Decoding Cancer Metastasis
Combining two biological approaches, a research team from University of Michigan broke down the molecular signaling that leads to metastasis in prostate and breast cancer tumors.
In the laboratory of Dr. Russell Taichman, a professor at the U-M School of Dentistry, researchers focus on two different areas of biology. One half of his lab looks at how very small embryonic-like cells (v-cells) help with tissue regeneration and wound healing, while the other half looks at how tumors metastasize to bone marrow.
“At one point (research assistant) Younghun Jung, who is the first author on the paper, was measuring these v-cells in numbers of tissues, and she was also working on the tumor side,” Taichman says. “We had pulled out tumors from an animal and she ran it through the assay for the v-cells – it was her idea to do it – and we found that, compared to what we had expected, the tumors had a lot of v-cells in them. That set the whole stage.”
The resulting study fused the two types of research. “We used the concept that tumors are wounds that don’t heal, which raised our suspicions that we should be looking at our wound-healing cells in the context of tumors,” Taichman says.
The research focused on the presence of wound-healing cells called mesenchymal stem cells, or MSCs. V-cells, like the type found in the initial animal tumor screened by Jung, are precursors to MSCs, Taichman says.
Wound-healing cells are called into a tumor through the production of a specific protein, CXCL16, which is used in the immune system to signal and call cells into wounded sites and to communicate immune regulation. Once those healing cells get into the tumor, they differentiate into the cell-type called cancer-associated fibroblasts.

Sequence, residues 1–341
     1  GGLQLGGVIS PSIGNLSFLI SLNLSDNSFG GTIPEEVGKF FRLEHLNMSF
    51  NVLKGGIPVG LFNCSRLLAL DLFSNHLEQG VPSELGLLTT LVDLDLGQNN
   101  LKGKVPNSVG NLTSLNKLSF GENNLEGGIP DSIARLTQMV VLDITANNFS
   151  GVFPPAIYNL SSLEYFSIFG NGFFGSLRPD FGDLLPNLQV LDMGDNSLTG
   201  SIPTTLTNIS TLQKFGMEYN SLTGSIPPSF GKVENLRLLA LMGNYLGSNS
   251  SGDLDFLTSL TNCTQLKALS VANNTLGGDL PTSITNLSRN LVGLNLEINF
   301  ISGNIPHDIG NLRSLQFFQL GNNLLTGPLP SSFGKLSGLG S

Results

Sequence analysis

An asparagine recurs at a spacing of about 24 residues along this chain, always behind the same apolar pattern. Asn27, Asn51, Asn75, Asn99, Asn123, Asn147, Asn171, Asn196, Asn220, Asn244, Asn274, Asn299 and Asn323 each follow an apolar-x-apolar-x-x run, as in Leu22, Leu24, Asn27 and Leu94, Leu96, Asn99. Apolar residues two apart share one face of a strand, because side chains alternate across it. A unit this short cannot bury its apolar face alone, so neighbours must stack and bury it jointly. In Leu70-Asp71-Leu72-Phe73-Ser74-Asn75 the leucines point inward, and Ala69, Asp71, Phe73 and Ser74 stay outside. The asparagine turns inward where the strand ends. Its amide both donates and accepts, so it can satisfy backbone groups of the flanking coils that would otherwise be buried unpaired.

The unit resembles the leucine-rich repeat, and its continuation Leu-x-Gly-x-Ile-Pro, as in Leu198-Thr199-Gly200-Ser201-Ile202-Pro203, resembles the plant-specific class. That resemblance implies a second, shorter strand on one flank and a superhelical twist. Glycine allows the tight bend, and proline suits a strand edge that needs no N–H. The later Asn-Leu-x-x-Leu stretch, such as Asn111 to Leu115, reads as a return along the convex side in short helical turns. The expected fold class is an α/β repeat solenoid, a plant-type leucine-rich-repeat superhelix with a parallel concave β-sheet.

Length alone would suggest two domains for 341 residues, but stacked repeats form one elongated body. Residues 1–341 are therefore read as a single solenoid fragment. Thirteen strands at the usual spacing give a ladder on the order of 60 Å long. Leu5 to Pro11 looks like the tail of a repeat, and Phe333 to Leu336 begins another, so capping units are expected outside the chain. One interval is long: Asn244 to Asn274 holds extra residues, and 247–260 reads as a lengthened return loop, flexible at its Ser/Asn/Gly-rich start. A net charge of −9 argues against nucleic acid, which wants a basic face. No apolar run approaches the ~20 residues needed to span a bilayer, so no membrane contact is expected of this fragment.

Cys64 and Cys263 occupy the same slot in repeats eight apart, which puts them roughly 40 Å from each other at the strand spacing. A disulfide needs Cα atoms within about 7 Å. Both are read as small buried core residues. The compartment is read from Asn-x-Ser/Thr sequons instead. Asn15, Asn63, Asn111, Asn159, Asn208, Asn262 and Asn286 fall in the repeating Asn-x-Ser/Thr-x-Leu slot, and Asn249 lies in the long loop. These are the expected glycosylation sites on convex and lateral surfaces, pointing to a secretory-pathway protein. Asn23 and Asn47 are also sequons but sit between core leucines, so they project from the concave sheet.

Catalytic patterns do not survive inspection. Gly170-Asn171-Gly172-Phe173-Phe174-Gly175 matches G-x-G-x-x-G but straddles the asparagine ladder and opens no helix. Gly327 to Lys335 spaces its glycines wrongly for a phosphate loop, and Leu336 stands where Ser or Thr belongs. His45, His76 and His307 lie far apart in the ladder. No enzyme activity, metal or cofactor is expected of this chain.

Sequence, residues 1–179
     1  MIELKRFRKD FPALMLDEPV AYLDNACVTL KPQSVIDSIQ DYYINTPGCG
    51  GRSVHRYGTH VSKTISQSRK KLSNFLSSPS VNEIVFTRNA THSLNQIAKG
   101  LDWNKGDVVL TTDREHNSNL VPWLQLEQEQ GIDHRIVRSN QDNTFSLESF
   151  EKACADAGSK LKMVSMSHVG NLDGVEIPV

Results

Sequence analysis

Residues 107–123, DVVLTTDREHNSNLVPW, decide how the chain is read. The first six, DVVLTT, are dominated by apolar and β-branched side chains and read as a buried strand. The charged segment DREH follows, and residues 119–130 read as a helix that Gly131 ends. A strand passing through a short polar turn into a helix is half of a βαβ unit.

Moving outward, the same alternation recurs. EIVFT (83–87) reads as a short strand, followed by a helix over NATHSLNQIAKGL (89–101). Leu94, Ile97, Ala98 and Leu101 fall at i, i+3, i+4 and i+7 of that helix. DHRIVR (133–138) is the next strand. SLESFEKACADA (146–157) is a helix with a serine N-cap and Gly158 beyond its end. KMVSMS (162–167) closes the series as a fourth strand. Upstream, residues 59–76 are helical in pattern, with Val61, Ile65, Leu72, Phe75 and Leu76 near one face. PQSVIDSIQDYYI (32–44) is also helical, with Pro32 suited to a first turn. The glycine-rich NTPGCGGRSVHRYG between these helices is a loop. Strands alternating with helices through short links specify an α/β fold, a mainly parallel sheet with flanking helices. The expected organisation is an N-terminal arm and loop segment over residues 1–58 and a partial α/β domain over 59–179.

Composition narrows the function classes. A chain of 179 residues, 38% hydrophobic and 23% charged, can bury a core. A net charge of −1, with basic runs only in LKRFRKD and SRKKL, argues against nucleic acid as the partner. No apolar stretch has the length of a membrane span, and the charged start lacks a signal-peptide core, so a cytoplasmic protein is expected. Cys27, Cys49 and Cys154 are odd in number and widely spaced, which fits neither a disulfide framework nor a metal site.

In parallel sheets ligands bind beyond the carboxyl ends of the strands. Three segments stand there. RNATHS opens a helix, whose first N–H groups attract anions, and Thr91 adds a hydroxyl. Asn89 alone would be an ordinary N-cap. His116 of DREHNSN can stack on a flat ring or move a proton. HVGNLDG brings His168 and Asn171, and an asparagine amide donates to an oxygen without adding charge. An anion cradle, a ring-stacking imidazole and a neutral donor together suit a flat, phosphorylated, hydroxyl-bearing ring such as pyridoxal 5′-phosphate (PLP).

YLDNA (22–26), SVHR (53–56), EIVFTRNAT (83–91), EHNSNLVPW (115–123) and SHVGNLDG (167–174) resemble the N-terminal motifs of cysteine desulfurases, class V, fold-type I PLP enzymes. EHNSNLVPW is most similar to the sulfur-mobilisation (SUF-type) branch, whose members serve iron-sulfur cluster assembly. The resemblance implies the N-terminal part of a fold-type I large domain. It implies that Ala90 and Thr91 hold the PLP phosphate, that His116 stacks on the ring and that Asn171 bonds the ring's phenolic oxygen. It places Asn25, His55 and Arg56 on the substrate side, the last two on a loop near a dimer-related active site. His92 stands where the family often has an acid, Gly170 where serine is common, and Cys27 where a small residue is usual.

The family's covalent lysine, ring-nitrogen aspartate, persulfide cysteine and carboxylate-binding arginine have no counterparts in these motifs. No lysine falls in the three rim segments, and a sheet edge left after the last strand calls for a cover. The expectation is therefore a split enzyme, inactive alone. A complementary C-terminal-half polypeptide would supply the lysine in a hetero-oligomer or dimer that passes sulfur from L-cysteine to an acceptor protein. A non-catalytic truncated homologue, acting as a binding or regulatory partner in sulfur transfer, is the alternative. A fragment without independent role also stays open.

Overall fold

“We had previously studied CXCL16, so we knew it was important,” says Taichman. “But cancer-associated fibroblasts are known to produce another protein, which we had also studied. We were just putting those two things together and ended up here.”
What Taichman observed inside the tumor cells is referred to as epithelial-to-mesenchymal transition of the healing cells. The wound-healing cells, or MSCs, are attracted to CXCL16. They sense that protein with a receptor, known as CXCR6. When CXCR 6 is activated, these cells start the conversion from a precursor cell into a cancer-associated fibroblast.
Those cells, in turn, make a protein called CXCL12, stromal cell-derived factor-1. At that point, the tumor cell changes from an epithelial-like cell to a mesenchymal-like cell.
“This process, the epithelial-to-mesenchymal transition, makes tumor cells more migratory,” Taichman says. “Then, they start looking around for even higher sources of that protein (CXCL12).The site that produces CXCL12 in really high levels is the bone marrow, so they end up migrating toward there.”
Taichman was able to observe tumor cells in the bone marrow using polymerase chain reaction (PCR), which was crucial in the detection of specific sequences of genes.
“With this technique, we were able to quantify the number of tumor cells that arrived in the bone marrow,” he says. “The beauty of this is that we were able to detect very few tumor cells that had arrived, at the earliest stage of the disseminations of tumors. That was a really key event for the paper.”
Armed with the knowledge of how and when a tumor can metastasize to bone marrow, researchers now have a new angle for running interference on the spread of cancer.
“We’d like to figure out how to either stop the host cells from coming into tumors or prevent them from turning into cancer-associated fibroblasts,” says Taichman. “Or, we could potentially use these host cells as a diagnostic tool to determine whether somebody has a tumor or not.”
The paper, “Recruitment of mesenchymal stem cells into prostate tumours promotes metastasis,” is published online in Nature Communications.